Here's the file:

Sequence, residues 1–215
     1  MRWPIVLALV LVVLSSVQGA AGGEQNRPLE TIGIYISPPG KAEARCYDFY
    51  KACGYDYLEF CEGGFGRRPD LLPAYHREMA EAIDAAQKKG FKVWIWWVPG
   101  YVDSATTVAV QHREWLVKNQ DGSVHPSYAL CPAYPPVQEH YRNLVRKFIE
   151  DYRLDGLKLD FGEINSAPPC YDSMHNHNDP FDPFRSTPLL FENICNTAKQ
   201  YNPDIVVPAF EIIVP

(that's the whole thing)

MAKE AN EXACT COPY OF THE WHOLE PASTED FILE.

Sequence, residues 1–215
     1  MRWPIVLALV LVVLSSVQGA AGGEQNRPLE TIGIYISPPG KAEARCYDFY
    51  KACGYDYLEF CEGGFGRRPD LLPAYHREMA EAIDAAQKKG FKVWIWWVPG
   101  YVDSATTVAV QHREWLVKNQ DGSVHPSYAL CPAYPPVQEH YRNLVRKFIE
   151  DYRLDGLKLD FGEINSAPPC YDSMHNHNDP FDPFRSTPLL FENICNTAKQ
   201  YNPDIVVPAF EIIVP